The Centers for Disease Control and Prevention confirmed over the past week a dozen cases of Zika virus in travelers returning to the United States. With recent cases identified in the U.S. territory of Puerto Rico, the number of imported cases is likely to increase and the CDC also anticipates human-to-mosquito-to-human spread soon occurring in the U.S.

"This is a very new disease and we’re learning a lot about this in a very short time," Dr. Albert Icksang Ko, Yale School of Public Health, told Medical Daily. Here, then, is a brief outline of some of the known facts.

Symptoms and Risks

Zika virus is carried by mosquitoes and causes an acute infection. Typically, an infection with Zika virus causes fever, headache, conjunctivitis (pink eye), and rash, along with joint and muscle pain. Only one out of every four infected people develop symptoms.

"Most people who are infected don’t know they are infected," Ko said, adding the illness is acute with symptoms usually quite mild, lasting just three to five days. 

When pregnant women are infected, the virus may be transmitted via the placenta to the fetus and cause microcephaly, a condition where a baby is born with an abnormally small head and incomplete brain development.

"What we don’t know is how many — do all women transmit to their babies? I personally suspect the risk is not everyone," said Ko, adding, "The risk is real, but we don’t know how much," though scientists are working to get this information. 

The virus was first isolated in 1947 in the Zika forest in Uganda, the World Health Organization reports, and since then, it has remained mainly in Africa with sporadic outbreaks in Asia. In 2007, the island of Yap, in Micronesia, reported a major epidemic, when nearly 75 percent of its population became infected. Recently, the virus spread to this region of the globe.

Prevention and Progress

Zika is spreading rapidly, according to Ko. Reasons include high infestation levels in some regions and a great deal of interconnection and movement between affected countries. Since many people do not experience symptoms, they will travel while infected.

In 2014, Chile confirmed its first case of indigenous transmission of the virus on Easter Island and in May 2015, Brazil confirmed transmission of Zika in its own northeast. Along with Chile and Brazil, other countries in the Americas have reported the virus since October: Barbados, Bolivia, Colombia, Ecuador, El Salvador, French Guiana, Guadeloupe, Guatemala, Guyana, Haiti, Honduras, Martinique, Mexico, Panama, Paraguay, Puerto Rico, Saint Martin, Suriname, and Venezuela.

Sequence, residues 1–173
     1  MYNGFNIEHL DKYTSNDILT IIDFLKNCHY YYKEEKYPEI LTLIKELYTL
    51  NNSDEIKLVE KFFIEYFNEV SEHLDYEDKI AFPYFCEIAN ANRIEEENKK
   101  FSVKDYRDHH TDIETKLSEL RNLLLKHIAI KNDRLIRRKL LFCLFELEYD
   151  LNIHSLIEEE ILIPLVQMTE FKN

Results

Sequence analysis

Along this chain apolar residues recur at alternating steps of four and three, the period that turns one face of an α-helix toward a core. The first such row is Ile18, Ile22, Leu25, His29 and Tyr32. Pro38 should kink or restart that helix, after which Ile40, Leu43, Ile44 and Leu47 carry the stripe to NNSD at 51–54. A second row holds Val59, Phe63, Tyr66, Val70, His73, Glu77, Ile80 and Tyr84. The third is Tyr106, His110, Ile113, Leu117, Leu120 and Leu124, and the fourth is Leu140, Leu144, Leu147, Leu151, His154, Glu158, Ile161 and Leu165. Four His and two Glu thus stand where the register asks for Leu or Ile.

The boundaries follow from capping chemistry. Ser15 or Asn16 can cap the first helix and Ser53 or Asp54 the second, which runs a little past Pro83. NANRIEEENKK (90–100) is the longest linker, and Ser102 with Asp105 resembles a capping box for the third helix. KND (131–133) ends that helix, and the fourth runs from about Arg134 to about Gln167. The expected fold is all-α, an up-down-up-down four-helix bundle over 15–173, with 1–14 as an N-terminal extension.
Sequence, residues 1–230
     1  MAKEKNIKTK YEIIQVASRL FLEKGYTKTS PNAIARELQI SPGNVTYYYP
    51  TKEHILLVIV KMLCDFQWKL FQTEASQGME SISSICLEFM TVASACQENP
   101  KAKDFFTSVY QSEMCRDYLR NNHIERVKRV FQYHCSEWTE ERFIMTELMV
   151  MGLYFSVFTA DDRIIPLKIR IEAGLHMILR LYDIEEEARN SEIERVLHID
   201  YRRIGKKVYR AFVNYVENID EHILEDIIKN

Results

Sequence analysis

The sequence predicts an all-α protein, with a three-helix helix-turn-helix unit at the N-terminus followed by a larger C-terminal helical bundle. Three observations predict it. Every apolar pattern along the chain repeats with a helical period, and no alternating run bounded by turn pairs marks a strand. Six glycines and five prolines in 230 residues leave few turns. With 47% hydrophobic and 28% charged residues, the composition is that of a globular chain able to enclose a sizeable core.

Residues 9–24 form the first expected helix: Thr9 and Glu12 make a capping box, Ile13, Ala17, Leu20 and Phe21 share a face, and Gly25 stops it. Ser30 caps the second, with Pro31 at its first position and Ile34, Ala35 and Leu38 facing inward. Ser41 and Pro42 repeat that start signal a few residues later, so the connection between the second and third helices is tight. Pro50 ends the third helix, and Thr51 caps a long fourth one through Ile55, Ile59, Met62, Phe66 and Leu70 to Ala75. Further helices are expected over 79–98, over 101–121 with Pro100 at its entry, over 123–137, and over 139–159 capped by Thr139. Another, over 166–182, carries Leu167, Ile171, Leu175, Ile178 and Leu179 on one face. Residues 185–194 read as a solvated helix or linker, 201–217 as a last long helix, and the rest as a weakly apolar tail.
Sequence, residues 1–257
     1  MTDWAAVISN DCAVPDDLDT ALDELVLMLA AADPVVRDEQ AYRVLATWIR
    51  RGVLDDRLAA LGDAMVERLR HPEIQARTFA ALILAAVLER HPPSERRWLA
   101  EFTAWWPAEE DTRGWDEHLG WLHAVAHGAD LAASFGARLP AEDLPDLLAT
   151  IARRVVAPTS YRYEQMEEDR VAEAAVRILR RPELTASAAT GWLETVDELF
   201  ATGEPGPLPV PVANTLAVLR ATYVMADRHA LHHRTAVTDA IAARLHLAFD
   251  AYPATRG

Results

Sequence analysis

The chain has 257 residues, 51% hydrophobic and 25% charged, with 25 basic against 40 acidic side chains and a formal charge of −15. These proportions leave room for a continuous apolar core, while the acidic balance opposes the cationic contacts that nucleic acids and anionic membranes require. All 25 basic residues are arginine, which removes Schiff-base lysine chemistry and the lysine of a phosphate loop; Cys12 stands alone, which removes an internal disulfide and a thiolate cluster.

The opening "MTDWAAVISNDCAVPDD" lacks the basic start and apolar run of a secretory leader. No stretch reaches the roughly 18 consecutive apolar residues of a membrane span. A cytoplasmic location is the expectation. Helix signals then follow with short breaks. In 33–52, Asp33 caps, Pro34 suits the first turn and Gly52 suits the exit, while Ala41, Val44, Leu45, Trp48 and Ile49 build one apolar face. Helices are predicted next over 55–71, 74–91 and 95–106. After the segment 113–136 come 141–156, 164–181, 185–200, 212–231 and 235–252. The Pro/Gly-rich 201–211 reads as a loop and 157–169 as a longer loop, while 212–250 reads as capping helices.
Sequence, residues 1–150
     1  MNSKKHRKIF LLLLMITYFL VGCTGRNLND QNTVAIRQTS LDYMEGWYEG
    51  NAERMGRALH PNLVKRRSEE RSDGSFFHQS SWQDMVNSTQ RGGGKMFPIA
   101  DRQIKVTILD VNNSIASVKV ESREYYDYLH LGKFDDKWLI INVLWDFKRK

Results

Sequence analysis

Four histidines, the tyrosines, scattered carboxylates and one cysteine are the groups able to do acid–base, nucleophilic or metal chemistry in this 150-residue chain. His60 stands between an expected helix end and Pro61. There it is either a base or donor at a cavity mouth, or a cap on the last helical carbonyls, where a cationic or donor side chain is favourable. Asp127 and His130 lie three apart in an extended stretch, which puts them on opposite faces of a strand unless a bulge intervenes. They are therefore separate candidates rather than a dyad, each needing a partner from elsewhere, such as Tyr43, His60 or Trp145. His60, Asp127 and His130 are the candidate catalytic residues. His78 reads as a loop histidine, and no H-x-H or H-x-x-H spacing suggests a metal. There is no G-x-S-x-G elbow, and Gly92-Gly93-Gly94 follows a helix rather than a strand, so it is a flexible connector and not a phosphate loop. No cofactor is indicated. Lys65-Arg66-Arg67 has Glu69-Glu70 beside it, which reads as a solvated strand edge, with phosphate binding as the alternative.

While the CDC reports one instance of possible spread through a blood transfusion and another through sexual contact, spread through any mechanism other than mosquitoes is considered unusual and unlikely.

There are no specific drugs for treating this virus, so most patients simply drink plenty of water and get lots of rest. Treatment consists of relieving pain, fever, or any other symptom.

To prevent Zika, health officials recommend avoiding mosquito bites by using nets and repellents for the skin. Mosquitoes that spread Zika virus bite mostly during the daytime. Typically, they live both indoors and outdoors nearest people and they lay their eggs in or near standing water contained in buckets, bowls, animal dishes, flower pots, and vases.

Though currently there are no vaccines to protect against Zika virus, the National Institutes of Health has made this an initiative. However, a vaccine is not a short term solution since they take years to develop.

"The research community is coming up with a good diagnostic test," Ko said. Not only would such a test identify infected patients, it would also assist scientists monitoring the spread of virus throughout the world.